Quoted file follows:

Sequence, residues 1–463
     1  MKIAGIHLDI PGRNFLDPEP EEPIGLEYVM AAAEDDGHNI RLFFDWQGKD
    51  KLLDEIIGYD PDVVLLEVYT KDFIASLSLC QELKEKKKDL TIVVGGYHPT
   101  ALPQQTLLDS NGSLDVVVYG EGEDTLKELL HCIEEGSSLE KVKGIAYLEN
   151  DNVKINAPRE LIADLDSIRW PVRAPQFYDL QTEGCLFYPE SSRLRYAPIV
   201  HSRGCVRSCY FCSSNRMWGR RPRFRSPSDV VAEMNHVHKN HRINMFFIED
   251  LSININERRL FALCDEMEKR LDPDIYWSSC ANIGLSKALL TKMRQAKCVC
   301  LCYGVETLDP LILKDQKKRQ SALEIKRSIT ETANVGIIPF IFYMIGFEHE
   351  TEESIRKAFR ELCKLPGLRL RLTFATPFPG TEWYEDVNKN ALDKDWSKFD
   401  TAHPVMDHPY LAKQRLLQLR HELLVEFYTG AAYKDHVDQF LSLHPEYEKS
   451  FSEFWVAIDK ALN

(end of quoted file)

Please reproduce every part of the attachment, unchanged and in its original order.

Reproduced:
Sequence, residues 1–463
     1  MKIAGIHLDI PGRNFLDPEP EEPIGLEYVM AAAEDDGHNI RLFFDWQGKD
    51  KLLDEIIGYD PDVVLLEVYT KDFIASLSLC QELKEKKKDL TIVVGGYHPT
   101  ALPQQTLLDS NGSLDVVVYG EGEDTLKELL HCIEEGSSLE KVKGIAYLEN
   151  DNVKINAPRE LIADLDSIRW PVRAPQFYDL QTEGCLFYPE SSRLRYAPIV
   201  HSRGCVRSCY FCSSNRMWGR RPRFRSPSDV VAEMNHVHKN HRINMFFIED
   251  LSININERRL FALCDEMEKR LDPDIYWSSC ANIGLSKALL TKMRQAKCVC
   301  LCYGVETLDP LILKDQKKRQ SALEIKRSIT ETANVGIIPF IFYMIGFEHE
   351  TEESIRKAFR ELCKLPGLRL RLTFATPFPG TEWYEDVNKN ALDKDWSKFD
   401  TAHPVMDHPY LAKQRLLQLR HELLVEFYTG AAYKDHVDQF LSLHPEYEKS
   451  FSEFWVAIDK ALN